In a situation where both parents are responsible loving parents, I'd have thought a judge would be quite happy to give 50/50 residency that involves sharing weekends on an alternate basis. It's unlikely that your X would get every weekend, because although your DD will live with you in the week, it's recognised that she will be at school and that a week day does not offer the same quality time as a weekend day. Plus the courts take into account the importance of family contact and appreciate you will need time to take DD to see her extended family, etc.

I think you're worrying too much. If this goes to court, you can prove that mediation has been offered and denied. You have the emails he sent you. A good solicitor can easily demonstrate the bullying behaviour from your ex.

BeingBooyhoo Tue 16-Oct-12 15:47:57

you negotiate through your solicitors. it will cost money but you did start the whole solicitor thing. ok if saturday til tuesday doesn't work. have a think about what will work and instruct your solicitor to send the letter offering what you can do. hopefully you will come to an arrangement. you will have to compromise.

Snorbs Tue 16-Oct-12 15:48:42

It's very unlikely a court would rule that a child should spend every weekend with one parent and the rest of the week with the other. As you say, you'd get very little quality time with her. Judges aren't stupid.

Try not to fret. At the moment all he's done is send a solicitor's letter (and don't forget that a solicitor will write pretty much anything you pay them to write) and an application for a court hearing. Has he actually submitted that to court though? As your solicitor says, assume it's just a bluff until or unless you get paperwork from the court.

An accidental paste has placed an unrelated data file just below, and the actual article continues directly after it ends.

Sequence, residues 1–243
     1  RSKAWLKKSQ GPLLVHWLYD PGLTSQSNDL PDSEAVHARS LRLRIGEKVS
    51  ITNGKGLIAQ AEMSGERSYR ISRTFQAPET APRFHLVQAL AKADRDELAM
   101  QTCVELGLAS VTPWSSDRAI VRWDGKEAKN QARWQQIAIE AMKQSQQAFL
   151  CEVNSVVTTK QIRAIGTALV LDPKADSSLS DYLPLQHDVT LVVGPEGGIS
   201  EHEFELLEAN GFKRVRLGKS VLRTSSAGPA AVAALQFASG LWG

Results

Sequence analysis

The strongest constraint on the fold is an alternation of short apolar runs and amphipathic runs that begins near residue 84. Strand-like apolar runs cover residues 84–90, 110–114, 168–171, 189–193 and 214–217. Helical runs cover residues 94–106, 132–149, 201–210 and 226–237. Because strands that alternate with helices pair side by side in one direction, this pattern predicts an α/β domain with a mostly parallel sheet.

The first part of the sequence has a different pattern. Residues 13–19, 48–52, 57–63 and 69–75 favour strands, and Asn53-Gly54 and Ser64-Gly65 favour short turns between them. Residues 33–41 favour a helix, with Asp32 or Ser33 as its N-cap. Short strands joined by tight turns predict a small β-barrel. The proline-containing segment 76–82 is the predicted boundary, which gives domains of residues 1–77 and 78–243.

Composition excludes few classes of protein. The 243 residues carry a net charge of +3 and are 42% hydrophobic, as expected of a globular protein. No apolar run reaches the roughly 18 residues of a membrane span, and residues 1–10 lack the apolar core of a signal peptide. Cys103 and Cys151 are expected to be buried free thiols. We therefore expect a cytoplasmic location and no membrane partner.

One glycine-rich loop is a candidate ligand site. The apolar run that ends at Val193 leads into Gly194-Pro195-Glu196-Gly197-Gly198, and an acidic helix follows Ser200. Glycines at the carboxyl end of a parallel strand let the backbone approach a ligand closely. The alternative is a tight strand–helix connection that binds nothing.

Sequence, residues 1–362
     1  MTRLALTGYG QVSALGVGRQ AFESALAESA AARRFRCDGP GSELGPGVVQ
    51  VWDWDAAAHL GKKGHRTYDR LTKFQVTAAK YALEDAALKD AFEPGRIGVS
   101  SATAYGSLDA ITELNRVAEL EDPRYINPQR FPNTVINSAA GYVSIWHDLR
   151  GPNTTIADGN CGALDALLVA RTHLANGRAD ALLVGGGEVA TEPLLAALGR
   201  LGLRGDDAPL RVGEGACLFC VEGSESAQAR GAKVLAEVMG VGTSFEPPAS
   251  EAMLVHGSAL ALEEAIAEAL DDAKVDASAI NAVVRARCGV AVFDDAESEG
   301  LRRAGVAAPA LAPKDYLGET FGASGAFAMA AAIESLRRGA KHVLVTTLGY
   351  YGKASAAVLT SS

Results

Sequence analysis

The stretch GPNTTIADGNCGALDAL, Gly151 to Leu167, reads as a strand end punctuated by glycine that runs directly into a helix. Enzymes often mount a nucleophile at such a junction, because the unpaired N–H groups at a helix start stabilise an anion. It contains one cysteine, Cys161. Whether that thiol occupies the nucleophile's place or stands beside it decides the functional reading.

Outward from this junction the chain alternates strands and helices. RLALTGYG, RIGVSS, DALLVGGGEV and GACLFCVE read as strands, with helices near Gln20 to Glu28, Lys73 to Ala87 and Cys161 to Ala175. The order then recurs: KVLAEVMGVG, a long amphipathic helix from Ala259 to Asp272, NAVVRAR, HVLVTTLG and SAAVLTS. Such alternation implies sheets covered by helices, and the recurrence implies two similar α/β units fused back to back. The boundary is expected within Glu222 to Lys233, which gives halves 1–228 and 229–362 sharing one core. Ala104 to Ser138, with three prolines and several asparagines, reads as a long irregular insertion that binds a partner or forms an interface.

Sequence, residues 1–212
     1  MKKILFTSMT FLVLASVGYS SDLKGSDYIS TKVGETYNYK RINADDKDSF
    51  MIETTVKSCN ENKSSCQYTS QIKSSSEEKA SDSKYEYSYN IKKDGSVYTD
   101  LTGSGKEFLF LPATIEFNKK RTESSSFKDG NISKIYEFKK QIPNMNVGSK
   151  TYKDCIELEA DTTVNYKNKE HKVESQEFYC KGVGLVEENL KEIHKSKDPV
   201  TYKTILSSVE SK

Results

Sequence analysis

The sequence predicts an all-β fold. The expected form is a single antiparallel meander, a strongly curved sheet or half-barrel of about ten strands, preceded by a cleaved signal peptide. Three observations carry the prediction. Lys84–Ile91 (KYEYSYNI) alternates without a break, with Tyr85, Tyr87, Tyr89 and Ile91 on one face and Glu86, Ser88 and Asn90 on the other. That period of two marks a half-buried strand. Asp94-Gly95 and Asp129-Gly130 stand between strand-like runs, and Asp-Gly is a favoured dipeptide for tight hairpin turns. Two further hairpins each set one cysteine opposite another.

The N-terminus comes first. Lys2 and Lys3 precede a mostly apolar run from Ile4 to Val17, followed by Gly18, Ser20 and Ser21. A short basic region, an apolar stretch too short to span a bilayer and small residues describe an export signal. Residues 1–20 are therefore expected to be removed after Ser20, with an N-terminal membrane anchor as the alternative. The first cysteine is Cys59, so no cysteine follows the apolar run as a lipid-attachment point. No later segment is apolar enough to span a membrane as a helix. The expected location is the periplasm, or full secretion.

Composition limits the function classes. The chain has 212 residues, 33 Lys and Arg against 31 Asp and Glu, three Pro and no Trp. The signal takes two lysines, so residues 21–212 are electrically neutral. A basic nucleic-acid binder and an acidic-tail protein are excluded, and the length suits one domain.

If it does get to court then you need to calmly point out the lies and stress how you do not believe it would be in DD's best interests to not get to spend any quality time with her mother. The application being for shared residence might be granted (if, again, this isn't just a big bluff to get you to back down) but that doesn't mean it will necessarily be 50:50 sharing of time. It's about making sure that both parents are considered as equal which is no bad thing.

CremeEggThief Tue 16-Oct-12 15:54:37

I would suggest that you post this in legal matters instead. Report it and ask MNHQ to move it for you.

I think YANBU by the way.

pinguthepenguin Tue 16-Oct-12 16:13:47

Thanks for the responses, have just posted in legal as well, thanks.

Snorbs, i hadn't actually thought about whether the application has been submitted or not? It would be just like him and his DW to try an intimidation tactic first- it's always worked before.

Boo- i understand that you think I went legal first and so deserve what I get, however, without stating all the details, the issue i raised was a safeguarding one, a genuine one and not borne out of any other reason than what dd herself revealed to me. When I raised it with exp, he said dd was lying. After that, he sent a long email attacking my parenting, and mentioned little to nothing of the initial concern I raised expect to say it was garbage. I didn't go 'legal' over contact issues. I literally didn't even mention them. However it's clear to me now that while Ec and his DW can raise any concerns they like ( and believe me, it is relentless) if I do the same, I will be dragged to court for a seemingly unrelated issue altogether. He made no noises about extra contact before this.

pinguthepenguin Tue 16-Oct-12 19:00:37